–While enjoying the architecture and ambiance of the Wat Arun in Bangkok, a monk approaches me furtively and starts up a conversation. “Hi, I’m Loi. May I speak English with you?” It turns out Loi has a monastery nearby, full of other monks who are avid to learn English. As a former English teacher in Japan, how can I say no? Trusting that Loi is what he actually says he is (and not some kind of slave trader), I follow him into the labyrinth of nearby streets until, sometime later, we arrive at his monastery. In a wink of an eye, I’m ushered into a tiny, window-less classroom the size of a shipping container, jam packed with red-robed, shaved-headed monks, all beaming at me in expectation. What else can I do but click into teacher mode, peppering them with questions, acting out dialogues and commandeering the dingy chalk board. What an awesome job, huh? Afterwards, my friend, Loi, walks me back to Wat Arun, where the whole adventure began, and hands me a postcard. Impossible Mission accomplished!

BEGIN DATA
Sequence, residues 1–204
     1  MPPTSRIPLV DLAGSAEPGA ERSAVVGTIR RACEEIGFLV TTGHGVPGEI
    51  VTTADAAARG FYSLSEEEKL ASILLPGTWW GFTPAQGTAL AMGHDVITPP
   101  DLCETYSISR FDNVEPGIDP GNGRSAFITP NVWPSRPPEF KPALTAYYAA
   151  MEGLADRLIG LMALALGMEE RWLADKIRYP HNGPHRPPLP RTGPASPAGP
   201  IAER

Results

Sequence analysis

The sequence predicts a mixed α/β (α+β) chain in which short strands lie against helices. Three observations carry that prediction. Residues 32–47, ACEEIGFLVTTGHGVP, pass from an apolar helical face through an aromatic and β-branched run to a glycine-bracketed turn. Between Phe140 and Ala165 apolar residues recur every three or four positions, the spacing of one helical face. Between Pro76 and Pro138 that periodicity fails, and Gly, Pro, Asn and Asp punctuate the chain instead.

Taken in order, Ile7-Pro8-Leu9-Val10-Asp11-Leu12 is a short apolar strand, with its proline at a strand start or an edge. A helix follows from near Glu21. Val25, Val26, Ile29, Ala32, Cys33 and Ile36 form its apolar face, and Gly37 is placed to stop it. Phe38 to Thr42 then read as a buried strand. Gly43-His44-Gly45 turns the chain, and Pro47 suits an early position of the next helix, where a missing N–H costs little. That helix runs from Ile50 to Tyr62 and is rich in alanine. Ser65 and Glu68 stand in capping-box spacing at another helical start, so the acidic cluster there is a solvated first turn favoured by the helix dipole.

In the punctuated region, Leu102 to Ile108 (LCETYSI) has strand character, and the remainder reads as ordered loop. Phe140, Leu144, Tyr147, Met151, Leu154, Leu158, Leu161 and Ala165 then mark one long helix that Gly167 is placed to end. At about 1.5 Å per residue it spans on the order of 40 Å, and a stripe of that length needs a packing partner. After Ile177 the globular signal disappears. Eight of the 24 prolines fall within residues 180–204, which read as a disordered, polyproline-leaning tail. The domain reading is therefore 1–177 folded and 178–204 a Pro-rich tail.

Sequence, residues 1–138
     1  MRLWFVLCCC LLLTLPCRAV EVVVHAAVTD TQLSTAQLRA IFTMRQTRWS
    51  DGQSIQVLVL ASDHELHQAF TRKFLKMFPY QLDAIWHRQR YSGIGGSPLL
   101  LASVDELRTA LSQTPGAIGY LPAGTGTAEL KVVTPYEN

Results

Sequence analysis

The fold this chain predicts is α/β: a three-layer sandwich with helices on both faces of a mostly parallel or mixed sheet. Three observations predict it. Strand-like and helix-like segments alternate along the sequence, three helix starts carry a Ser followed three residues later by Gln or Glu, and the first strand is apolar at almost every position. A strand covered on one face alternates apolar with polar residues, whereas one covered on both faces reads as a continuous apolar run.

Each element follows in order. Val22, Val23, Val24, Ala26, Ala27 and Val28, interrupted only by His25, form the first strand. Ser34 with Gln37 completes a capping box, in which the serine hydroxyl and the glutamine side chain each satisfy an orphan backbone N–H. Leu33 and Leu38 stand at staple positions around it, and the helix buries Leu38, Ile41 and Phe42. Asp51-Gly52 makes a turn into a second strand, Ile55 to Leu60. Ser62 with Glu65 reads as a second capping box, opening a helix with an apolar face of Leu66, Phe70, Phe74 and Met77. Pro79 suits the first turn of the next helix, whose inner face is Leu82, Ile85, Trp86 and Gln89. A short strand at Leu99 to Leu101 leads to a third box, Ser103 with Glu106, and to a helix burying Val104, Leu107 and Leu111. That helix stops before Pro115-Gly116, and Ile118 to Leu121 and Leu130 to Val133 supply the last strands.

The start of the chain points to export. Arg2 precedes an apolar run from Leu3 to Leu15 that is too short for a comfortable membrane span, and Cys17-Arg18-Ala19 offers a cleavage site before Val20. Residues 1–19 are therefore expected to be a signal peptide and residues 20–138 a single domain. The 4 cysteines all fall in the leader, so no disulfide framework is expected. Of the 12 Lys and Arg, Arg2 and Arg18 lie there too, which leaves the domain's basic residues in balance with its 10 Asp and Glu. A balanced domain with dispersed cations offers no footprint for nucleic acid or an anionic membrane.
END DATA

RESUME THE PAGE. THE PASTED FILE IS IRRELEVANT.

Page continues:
How do you fund your travels?
–By and large, I work two jobs at home: a day job (my last was a technical editor at a medical device company) and a side job leading teambuilding treasure hunts (which is also a source of travel!).
What 3 tips would you give a new traveler before they set off on their adventure?
–1) Don’t over-pack your bags. You will be buying clothes when you’re there, so why bring more than 3 changes of clothes?
2) Don’t over-pack your schedule. Your best days will likely be the ones when you’re just wandering around, aimlessly, and you stumble upon the best noodle shop in the world, or someone invites you into their home. My rule of thumb is, more neighborhoods, less monuments.